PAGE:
Nvidia’s Jen-Hsun Huang Talks Quad-Core and Windows 8 at AsiaD
An early pioneer in graphics chips, Nvidia now finds its processors at the heart of smartphones, tablets and, soon, PCs.
Overseeing the expansion is the company’s dynamic leader Jen-Hsun Huang, who sees his chips going ever faster and in more places. Next up for the company is a quad-core chip code named Kal-El.
Welcome to the last session of AsiaD. Here’s Jen-Hsun Huang.
Walt: Al Gore talked for a long time. Anyway: You pivoted into processors for “post-PC devices.” How many devices are your chips in now?
Huang: We’re in about 70 percent of non-iPad tablets. Thirteen models of phones (?) around the world.
Walt: Who are your competitiors?
Huang: Qualcomm is a direct competitor. We started out as a graphics company, and evolved from serving gamers, designers, etc.
And we tried to grow initially by growing into the basic PC market by integrating chipsets. That didn’t work out for me, because “going toe-to-toe with Intel is not a good idea.” So now we’re trying increase the usefulness of GPUs in different products.
12:13 pm: Walt: Now the GPU for many PCs is more powerful and complicated than CPU, right?
Huang: Yep. And they can do lots of stuff now: Computer graphics, image processing. Stuff like what Lytro is doing with their camera.
And the second part of the strategy was backing away from the chipset business, and investing in mobile computing. Back to competitors: Qualcomm is direct. Apple is an indirect competitor.
We partner with device makers, so in a lot of ways I’ve adopted their competition.
12:16 pm: Walt: So what’s new?
Huang: When we first got into mobile, I started talking to the cellphone companies and telling them mobile devices would become a computer. And the iPhone proved that and woke people up. So our perspective is that these devices would be “rich computers — quite powerful computers” and that graphics would play an important role.
So we built the world’s first dual-core graphics processor, the Tegra 2, and that’s what we’re shipping today. And now we’re working on our first quad-core processor, Tegra 3, which is really going to be called Kal-El. Huang notes that Kal-El is Superman’s name, and that the rest of the product lineup is also based on comics: “Wayne” for Batman, etc.
Anyway: Getting performance is the easy part. The challenging part is delivering that performance with low power, and better and better efficiency. The low-power core with Kal-El is 20x “less hungry” for energy.
Second invention: Use the image-processing technique to look at the color content of an image. That allows us to save a ton of power that way.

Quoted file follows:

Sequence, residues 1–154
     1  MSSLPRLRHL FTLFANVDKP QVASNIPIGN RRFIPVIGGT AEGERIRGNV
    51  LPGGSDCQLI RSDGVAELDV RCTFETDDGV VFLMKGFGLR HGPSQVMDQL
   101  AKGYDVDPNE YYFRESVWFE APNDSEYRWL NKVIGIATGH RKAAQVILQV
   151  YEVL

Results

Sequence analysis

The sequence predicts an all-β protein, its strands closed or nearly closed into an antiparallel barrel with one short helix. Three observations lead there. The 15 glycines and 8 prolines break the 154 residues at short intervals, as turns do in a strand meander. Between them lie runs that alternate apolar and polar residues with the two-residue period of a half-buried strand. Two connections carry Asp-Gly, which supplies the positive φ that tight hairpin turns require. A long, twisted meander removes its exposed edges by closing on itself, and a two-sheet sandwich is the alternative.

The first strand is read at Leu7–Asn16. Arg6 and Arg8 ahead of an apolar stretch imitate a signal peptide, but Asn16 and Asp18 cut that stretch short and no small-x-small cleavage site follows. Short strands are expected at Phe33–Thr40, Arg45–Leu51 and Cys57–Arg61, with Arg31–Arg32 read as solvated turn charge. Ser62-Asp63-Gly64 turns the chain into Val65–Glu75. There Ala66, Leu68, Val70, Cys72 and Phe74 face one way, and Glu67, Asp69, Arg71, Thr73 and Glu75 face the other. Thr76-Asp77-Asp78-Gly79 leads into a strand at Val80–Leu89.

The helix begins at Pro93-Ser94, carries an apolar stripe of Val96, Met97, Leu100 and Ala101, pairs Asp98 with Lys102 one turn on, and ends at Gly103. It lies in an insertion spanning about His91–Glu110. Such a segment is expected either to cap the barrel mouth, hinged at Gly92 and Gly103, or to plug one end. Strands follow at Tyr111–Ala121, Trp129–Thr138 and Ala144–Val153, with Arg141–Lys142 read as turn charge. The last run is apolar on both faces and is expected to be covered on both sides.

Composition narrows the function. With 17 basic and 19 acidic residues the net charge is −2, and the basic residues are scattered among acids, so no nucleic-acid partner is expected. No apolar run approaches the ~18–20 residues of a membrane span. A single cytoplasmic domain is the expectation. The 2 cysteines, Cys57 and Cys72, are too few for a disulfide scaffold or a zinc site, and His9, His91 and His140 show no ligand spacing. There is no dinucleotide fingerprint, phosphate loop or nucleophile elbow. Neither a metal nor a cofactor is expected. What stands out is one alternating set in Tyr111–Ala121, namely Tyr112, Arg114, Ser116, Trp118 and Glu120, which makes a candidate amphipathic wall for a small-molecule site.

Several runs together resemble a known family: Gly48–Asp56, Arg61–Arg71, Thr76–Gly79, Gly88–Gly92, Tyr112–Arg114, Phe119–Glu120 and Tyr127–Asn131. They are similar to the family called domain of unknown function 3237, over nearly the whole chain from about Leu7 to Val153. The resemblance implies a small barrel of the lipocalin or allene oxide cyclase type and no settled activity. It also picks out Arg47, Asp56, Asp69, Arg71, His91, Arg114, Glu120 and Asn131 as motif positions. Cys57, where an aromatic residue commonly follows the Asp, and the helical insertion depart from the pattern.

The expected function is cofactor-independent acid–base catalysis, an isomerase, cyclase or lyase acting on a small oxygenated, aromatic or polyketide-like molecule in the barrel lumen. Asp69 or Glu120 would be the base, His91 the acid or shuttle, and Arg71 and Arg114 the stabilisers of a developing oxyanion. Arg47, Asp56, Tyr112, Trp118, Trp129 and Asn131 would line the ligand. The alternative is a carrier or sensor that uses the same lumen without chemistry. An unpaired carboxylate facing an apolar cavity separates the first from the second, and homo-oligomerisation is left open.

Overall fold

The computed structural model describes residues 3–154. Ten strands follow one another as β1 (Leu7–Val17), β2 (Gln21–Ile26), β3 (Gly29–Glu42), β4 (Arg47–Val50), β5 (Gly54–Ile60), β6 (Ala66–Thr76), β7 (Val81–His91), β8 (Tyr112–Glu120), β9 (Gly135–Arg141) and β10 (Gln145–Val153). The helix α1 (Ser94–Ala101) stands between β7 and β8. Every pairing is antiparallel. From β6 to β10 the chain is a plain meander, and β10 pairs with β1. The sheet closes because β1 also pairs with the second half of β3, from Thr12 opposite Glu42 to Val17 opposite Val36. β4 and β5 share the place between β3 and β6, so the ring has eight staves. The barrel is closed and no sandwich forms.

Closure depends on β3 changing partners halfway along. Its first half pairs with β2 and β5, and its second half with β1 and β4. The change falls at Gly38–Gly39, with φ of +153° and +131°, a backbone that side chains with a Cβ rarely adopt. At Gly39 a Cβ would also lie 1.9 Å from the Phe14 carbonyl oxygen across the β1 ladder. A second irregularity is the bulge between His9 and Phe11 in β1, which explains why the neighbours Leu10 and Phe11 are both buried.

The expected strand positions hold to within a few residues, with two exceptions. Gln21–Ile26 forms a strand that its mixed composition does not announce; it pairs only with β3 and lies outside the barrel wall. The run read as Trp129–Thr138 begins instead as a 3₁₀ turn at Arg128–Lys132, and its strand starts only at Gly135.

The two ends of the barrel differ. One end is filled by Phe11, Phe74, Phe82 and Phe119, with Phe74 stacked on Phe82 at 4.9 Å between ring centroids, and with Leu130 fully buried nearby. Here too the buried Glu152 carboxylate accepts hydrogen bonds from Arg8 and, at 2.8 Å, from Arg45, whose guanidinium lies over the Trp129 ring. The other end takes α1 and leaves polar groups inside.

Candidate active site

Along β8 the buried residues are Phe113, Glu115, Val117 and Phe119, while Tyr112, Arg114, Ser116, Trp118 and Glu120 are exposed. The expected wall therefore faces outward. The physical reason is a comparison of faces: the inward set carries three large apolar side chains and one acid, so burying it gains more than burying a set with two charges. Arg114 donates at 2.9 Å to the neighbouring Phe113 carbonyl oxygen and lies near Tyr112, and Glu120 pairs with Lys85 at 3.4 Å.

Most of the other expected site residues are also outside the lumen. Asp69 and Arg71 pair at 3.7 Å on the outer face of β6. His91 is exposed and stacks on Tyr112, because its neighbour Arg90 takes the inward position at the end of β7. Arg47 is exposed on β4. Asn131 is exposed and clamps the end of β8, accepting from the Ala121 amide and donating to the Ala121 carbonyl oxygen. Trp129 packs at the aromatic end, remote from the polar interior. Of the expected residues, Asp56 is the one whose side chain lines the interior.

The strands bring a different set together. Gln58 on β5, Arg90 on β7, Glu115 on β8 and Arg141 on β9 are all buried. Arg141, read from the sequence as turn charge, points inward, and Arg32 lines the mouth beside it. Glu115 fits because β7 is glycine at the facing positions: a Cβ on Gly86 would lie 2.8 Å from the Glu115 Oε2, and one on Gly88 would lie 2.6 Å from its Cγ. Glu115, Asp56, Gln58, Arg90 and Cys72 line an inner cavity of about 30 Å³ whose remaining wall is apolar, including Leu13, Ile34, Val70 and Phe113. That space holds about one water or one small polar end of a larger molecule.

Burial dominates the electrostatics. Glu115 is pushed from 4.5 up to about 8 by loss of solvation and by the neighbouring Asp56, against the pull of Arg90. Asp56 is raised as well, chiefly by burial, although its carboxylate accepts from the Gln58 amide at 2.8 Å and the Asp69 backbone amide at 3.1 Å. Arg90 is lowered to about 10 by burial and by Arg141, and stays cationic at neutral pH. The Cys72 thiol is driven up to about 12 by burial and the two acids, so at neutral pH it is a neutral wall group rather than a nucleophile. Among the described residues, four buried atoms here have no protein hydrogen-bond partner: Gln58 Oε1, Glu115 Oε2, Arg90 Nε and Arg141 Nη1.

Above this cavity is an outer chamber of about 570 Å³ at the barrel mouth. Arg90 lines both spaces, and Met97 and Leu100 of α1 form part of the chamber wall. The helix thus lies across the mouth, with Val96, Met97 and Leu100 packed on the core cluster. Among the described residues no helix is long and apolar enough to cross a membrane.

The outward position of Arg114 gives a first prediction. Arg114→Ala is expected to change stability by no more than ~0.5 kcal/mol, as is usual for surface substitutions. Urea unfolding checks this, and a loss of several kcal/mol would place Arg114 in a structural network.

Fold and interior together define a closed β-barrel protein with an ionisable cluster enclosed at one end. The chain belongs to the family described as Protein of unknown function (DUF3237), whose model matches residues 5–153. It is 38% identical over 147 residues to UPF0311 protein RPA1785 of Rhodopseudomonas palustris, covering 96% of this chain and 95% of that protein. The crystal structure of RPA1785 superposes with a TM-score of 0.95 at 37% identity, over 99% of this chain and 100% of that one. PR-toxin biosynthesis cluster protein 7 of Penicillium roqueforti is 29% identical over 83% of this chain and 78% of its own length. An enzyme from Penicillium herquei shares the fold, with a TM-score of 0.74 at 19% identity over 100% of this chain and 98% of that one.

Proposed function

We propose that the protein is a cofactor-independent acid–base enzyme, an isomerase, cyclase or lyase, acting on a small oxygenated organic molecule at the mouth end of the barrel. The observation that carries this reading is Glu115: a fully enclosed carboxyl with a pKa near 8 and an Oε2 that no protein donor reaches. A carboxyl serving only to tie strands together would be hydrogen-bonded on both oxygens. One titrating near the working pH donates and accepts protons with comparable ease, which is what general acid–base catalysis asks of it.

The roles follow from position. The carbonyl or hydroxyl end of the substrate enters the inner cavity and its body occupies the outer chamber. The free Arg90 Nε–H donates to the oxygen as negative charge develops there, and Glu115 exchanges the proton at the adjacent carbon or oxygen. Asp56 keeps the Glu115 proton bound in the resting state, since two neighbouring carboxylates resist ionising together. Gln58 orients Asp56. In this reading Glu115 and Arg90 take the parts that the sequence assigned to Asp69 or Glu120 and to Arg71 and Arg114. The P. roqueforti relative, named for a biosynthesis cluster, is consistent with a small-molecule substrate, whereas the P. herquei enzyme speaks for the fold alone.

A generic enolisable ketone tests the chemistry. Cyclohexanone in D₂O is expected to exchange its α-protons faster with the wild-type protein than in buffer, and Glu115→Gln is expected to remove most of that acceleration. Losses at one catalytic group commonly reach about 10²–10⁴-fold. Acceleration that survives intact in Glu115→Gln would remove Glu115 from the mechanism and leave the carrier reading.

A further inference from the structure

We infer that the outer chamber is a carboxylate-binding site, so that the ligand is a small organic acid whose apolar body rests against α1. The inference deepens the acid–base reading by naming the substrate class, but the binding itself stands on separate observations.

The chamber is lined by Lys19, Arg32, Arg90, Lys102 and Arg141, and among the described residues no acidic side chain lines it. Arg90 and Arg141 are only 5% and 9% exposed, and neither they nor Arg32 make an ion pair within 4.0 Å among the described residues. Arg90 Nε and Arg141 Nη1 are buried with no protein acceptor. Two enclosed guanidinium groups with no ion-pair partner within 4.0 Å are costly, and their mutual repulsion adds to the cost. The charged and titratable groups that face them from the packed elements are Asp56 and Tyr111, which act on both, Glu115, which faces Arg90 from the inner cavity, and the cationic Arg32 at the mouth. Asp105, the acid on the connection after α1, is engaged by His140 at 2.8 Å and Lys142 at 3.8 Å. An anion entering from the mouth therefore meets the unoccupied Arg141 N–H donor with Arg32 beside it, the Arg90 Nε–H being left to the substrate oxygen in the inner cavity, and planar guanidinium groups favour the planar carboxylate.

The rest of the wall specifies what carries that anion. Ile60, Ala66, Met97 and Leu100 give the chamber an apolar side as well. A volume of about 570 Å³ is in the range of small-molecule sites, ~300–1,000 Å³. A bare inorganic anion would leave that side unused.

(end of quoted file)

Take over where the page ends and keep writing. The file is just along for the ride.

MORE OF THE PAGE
It allows us to sort of “cheat” on colors and use similar colors, with different lighting — the human eye can’t tell.
12:24 pm: Walt: Aren’t your competitors doing quad-cores as well, and trying to reduce power, too?
Huang: Sure. “Our challenge is to create something surprising every generation … we’ll have to come up with something magical or something surprising every generation.”
Walt: Is it a disadvantage for Apple to design its own chips?
Huang: Apple’s Bob Mansfield is really good at chip design. Also, we sell them chips for their PCs.
Anyway, there are a lot of good reasons to build your own chips — they can control the vertical stack, and they might have good insights on bringing stuff to market, and not sharing that with third-party competitors is a fine idea. But R&D costs will go up — I’ve already spent $2 billion on Tegra. So it may become more difficult for companies to build for lots of different segments.
“There might come a time when it becomes important to buy some or build some. We’ll see.”
Walt: “And they know your number.”
Q: Please talk about [something, sorry, didn't catch it]
Huang: We started completely focused on mobile phones. That was Tegra 2. Then we tweaked that for the tablet market. Now we’re clear that ARM is going to be a large ecosystem. It’s possible for us to extend that beyond phones to tablets and clamshells. Most likely Windows on ARM.
[Apologies. Really can't follow any of this]
Q: You talked about building processors for phones or tablets. Do you think tablet-specific processors are really coming?
A: There’s not enough volume with 60 million tablets to build tablet-specific chips. But you can imagine building a processor where some versions are perfect for tablets, and other versions are perfect for high-end smartphones. That’s how you can make the economics work.
Q: (Hey, it’s Joanna Stern!)
[Sorry, couldn't follow this question, either]
Huang is advising Microsoft to come out with tablets first, for Windows-on-ARMs, to establish that “these are not PCs.”
If Office could run on Windows-on-ARMs “that would be the killer app.”
And we’re done. Thanks for joining us in Hong Kong, all.